COVID-19 Family Law Information


This includes:

• Parenting Plans

• Restraining Orders

• Child Support Orders, and

• Any other temporary or final order signed by a judicial officer.


You must continue to pay your child support obligation. If you are unable to pay your child support obligation for any reason, you may discuss your options with the Washington State Division of Child Support at (800) 442-5437. The contact information for the Vancouver Field Office is: Primary Phone: (360) 696-6100; Alternate Phone: (800) 345-9984; Email:

You may not withhold parenting time from a parent for failing to pay support.


Court-ordered parenting time must be followed and permitted where possible. If the government is permitting individuals to leave their homes to obtain necessary provisions, go for walks, etc., then the court deems CHILD EXCHANGES AS ESSENTIAL.

• Spring/Summer Break, Vacation and/or Holidays:

While school may be out of session at this time, this is not considered summer break, spring break, or a holiday. Parents shall follow the holiday and school break residential schedules in place at the beginning of the school year.

 Parenting Time in Public Places:

Governor Inslee has forbidden all nonessential gatherings, regardless of size. If the parenting plan states that parenting time will occur in a public place, parenting time should continue at locations that are permitted under the health and safety guidelines for the state, such as a large park or nature hike. If that is not possible, then the parenting time should be conducted virtually via videoconferencing or by telephone.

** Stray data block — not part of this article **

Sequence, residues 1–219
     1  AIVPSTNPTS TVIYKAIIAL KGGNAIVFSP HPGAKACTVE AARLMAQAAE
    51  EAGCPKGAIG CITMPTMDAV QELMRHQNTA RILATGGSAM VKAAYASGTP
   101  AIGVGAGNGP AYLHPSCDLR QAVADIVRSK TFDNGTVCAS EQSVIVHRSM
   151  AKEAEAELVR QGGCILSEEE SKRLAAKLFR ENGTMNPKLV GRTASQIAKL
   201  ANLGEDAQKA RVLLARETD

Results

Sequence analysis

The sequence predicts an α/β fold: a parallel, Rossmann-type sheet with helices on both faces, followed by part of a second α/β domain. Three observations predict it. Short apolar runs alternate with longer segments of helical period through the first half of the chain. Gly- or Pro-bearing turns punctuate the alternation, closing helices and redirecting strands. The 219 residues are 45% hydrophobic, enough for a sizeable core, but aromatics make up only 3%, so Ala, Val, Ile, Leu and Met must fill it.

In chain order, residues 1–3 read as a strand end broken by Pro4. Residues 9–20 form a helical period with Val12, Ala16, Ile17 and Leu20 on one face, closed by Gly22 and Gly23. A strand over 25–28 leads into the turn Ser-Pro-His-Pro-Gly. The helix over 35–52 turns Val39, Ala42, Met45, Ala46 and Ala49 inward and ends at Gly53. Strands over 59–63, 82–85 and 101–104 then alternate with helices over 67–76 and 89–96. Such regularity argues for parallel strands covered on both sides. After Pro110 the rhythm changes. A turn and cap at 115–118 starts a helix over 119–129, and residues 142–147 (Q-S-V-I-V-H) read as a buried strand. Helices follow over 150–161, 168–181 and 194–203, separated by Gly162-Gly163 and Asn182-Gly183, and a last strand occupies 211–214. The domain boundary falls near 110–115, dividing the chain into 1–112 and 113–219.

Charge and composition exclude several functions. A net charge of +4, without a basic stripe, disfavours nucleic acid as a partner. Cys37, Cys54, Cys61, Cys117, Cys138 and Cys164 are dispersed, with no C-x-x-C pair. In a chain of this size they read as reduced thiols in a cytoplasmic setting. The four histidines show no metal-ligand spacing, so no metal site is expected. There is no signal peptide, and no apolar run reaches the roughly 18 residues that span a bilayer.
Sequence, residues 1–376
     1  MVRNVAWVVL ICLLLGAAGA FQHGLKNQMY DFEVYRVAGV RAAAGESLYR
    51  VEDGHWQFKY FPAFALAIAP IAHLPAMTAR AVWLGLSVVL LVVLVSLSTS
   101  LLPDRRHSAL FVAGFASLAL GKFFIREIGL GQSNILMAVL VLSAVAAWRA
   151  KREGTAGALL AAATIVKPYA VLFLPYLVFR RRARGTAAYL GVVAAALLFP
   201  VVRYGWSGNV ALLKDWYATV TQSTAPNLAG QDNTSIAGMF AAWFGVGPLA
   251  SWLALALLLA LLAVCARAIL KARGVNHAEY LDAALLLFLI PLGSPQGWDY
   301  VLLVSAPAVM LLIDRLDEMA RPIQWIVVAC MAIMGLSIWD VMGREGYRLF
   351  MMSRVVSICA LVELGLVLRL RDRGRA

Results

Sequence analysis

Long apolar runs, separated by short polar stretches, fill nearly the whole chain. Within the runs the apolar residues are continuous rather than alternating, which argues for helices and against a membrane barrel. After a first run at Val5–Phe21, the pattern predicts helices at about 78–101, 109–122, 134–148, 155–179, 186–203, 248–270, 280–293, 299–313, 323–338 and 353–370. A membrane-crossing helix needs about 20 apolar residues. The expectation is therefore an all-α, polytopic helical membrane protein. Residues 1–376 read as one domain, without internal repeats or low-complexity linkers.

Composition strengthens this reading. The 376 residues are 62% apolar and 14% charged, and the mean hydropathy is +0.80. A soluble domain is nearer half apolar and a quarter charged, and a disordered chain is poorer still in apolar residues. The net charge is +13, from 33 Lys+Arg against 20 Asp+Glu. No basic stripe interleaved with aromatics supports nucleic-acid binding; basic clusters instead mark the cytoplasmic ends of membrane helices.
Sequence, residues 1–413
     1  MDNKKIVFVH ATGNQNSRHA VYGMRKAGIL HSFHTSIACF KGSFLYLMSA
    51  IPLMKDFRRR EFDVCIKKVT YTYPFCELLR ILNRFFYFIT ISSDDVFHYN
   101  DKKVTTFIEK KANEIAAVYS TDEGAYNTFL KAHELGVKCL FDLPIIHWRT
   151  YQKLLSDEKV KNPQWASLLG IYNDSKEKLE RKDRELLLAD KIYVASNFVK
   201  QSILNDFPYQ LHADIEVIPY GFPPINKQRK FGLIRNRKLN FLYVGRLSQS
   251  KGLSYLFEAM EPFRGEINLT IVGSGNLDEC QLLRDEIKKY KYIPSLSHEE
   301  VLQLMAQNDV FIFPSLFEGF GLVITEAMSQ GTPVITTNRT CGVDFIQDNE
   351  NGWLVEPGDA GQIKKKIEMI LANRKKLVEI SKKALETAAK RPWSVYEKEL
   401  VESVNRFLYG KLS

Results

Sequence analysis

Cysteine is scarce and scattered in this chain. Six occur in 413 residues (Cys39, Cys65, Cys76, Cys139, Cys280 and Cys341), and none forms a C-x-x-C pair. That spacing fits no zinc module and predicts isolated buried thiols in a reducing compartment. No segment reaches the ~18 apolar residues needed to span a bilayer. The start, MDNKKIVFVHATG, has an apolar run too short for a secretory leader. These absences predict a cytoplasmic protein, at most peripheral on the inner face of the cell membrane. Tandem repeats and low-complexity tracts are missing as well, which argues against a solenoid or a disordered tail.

• Supervised Parenting Time:

If parenting time is ordered to be supervised, and the supervisor is unavailable due to COVID-19-related issues or government orders, the parties should work collaboratively to ensure parenting time continues to occur in a manner that promotes their children’s safety and wellbeing, such as finding an alternative supervisor. If that is not possible, then the parenting time should be conducted virtually via videoconferencing or by telephone.

• Parenting Plan Impossible to Follow:

In those limited circumstances where parenting time cannot be followed, for example because the exchange requires the child to fly to the other parent and the airline has cancelled those flights, parents should liberally allow the other parent access to the child via videoconferencing or by telephone.

• Exchanges "after school" or "at school":

If your child is not attending school and it is an exchange day, communicate with the other parent and find an agreed upon exchange time and location. If no other time is specified in writing, use the approximate time school would have been out (for example, 3:00p.m). If you can’t exchange the child at someone’s home, find a public place as close to the child’s school as possible to make the exchange.

• Sick Child:

If your child is sick with something "regular" (not requiring emergency medical assistance or COVID-19 symptoms), the child should be exchanged at regular parenting times unless your parenting plan states that a sick child stays with one parent, or the parents otherwise agree.

• Other Parent is not Protective:

You may feel the other parent is not following social distancing guidelines or not following a structured schedule that you have set up in your home, this is not a basis to withhold parenting time. As a general rule, each parent is able to use their own good judgment about what to do when they have the child, so long as their actions are not violating the law.

• Make-up Time:

Make-up time may be requested by a parent whose parenting time has been impacted due to COVID-19 related issues once the court’s regular schedule is resumed. Parents are encouraged to come to agreements on make-up time on their own prior to filing a motion with the court.

For more information, court-wide announcements for Clark County Superior Court can be found here: Please check back frequently as things are changing rapidly.